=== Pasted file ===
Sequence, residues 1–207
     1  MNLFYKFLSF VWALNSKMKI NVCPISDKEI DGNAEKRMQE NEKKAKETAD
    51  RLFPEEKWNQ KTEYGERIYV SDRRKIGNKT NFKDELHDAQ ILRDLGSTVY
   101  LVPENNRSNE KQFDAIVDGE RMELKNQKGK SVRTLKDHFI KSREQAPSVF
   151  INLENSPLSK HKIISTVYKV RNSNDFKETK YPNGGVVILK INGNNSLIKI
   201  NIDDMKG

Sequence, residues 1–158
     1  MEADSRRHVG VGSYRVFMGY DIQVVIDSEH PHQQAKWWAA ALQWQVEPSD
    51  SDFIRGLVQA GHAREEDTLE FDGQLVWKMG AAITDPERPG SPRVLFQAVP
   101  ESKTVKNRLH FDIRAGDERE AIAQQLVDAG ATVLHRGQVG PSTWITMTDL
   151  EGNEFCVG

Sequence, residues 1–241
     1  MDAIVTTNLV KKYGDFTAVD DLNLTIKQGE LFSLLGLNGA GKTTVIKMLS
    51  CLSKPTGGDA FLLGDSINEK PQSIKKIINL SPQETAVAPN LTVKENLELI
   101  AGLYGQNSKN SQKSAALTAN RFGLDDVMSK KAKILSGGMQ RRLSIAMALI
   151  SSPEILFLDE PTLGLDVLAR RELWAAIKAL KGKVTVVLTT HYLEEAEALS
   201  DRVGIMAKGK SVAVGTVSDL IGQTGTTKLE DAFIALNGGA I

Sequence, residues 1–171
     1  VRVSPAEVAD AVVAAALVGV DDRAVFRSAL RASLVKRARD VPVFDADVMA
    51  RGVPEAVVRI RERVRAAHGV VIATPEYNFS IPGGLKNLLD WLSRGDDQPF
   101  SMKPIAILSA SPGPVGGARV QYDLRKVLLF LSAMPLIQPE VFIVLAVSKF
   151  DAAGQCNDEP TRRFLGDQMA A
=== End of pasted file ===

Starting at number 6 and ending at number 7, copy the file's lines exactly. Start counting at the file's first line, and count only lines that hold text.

   201  NIDDMKG

Sequence, residues 1–158